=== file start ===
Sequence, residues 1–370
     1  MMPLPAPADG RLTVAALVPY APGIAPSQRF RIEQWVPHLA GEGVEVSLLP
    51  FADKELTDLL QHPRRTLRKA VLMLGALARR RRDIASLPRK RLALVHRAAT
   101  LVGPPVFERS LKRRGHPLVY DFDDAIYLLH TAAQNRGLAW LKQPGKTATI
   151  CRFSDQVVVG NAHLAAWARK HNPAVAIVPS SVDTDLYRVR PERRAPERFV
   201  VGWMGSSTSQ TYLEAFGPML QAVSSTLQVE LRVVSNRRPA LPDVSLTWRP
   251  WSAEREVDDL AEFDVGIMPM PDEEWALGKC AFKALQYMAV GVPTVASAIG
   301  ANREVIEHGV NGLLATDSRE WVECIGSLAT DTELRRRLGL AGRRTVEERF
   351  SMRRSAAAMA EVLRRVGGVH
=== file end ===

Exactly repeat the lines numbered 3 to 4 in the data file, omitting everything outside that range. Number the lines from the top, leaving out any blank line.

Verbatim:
    51  FADKELTDLL QHPRRTLRKA VLMLGALARR RRDIASLPRK RLALVHRAAT
   101  LVGPPVFERS LKRRGHPLVY DFDDAIYLLH TAAQNRGLAW LKQPGKTATI